In PayScale’s latest research on the gender pay gap, we’ll give you an overview on the current state of the pay gap, including data on how large the pay gap is, and how much the pay gap has shifted from 2016 onward. This year, our hypothesis around why the gender wage gap exists has shifted slightly. Specifically, PayScale performed a deep dive analysis on the idea of “career disruptions”, in other words, how is pay impacted when a woman takes a break from the workforce? In this whitepaper, we’ll look into a few different lenses of this complicated issue including
How Has The Gender Pay Gap Changed Since 2016?
While you might think the uncontrolled pay gap is not a big deal, consider that this gap widens as women move up the ranks. While the controlled (men and women in similar jobs) gender wage gap starts at 98.3 cents for individual contributors, it widens to 94.4 cents for executives. Why is this? Our hypothesis leads us to believe that it might be because women ask for raises less frequently than men, so as workers progress through their careers, not asking for raises each time has a cumulative effect on women’s pay. As it is, the uncontrolled pay gap shows that women earn 78 cents for every dollar earned by a man. The controlled pay gap shows that women earn 89 cents for every dollar earned by a man.
How Do Career Disruptions Impact The Gender Pay Gap?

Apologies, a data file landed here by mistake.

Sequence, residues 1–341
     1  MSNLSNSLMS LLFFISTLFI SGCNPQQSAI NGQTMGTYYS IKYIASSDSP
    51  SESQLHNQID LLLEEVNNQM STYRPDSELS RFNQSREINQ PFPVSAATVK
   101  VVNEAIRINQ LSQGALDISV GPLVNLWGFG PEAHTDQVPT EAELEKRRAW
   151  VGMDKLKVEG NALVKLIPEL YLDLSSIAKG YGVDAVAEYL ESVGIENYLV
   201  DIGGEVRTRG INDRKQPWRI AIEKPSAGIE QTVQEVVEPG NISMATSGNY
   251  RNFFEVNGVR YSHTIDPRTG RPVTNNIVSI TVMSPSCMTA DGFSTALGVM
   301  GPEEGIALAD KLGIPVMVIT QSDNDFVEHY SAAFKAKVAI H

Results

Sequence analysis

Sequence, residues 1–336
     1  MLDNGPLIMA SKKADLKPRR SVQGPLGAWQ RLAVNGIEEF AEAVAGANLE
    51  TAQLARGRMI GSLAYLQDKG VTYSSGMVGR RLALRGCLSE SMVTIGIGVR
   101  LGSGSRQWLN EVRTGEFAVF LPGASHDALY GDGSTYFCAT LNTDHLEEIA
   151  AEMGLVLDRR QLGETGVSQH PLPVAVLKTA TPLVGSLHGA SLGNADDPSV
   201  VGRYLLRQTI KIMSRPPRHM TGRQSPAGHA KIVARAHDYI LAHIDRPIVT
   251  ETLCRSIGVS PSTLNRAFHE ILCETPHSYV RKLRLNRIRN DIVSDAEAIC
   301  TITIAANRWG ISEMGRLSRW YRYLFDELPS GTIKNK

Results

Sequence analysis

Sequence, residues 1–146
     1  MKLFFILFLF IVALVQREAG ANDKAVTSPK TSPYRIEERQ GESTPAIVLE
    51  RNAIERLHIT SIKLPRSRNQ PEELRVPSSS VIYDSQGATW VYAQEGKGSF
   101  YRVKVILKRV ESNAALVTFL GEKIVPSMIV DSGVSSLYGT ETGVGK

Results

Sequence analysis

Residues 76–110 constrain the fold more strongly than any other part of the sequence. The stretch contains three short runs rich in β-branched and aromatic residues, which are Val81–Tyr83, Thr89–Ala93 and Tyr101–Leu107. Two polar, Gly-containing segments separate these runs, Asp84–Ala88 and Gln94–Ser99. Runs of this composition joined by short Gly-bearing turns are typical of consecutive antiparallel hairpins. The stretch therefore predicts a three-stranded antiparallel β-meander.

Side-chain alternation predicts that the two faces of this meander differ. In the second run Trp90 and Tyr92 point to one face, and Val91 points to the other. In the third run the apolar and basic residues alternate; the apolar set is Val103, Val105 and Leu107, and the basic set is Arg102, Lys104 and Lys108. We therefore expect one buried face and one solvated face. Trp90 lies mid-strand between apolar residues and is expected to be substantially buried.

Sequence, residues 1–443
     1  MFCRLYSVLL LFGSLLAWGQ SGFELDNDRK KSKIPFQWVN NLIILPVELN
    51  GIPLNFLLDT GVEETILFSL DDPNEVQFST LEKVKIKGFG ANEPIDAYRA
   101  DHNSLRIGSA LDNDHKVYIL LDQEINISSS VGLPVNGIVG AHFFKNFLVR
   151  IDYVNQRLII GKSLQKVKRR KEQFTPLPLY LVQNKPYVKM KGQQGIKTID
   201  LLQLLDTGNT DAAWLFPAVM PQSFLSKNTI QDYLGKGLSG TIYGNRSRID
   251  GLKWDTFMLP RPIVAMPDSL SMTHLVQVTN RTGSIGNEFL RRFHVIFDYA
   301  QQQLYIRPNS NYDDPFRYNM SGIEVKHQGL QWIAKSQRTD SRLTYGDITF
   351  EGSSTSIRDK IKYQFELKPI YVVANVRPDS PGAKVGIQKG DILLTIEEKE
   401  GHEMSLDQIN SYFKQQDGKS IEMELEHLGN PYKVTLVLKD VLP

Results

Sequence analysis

Men and women face different challenges in the workplace, but career disruptions tend to impact women significantly more than men. What we uncovered it that the wage penalty on unemployment is significant against women, and the longer the career disruption lasts, the greater the penalty. On average and controlling for relevant factors, those who were unemployed at the time of receiving a job offer make 4 percent less than someone who has not recently had a career disruption. In addition, those unemployed for longer periods face larger unemployment penalties. Someone who was unemployed for less than three months faces only
a 3.4 percent penalty (on average) while someone who has not worked in over a year experiences a 7.3 percent penalty.
The Opportunity Gap and How It Impacts The Gender Pay Gap
When it comes to the gender wage gap, what often gets lost in translation is what the uncontrolled gap truly represents — that women are less likely to hold high level, high paying jobs than men. Our data shows that at the start of their careers, men and women tend to work
at similar level jobs, most often entering the workforce at the individual contributor level: 72 percent of men and 74 percent of women in the age group 20-29 are in individual contributor roles. Over the course of their career, men move into higher level roles at significantly higher rates than women. By mid-career (age range 30-44), men are 70 percent more likely to be in VP or C-suite roles than women. By late career (age 45+), men are more 142 percent more likely to be in these higher paying roles.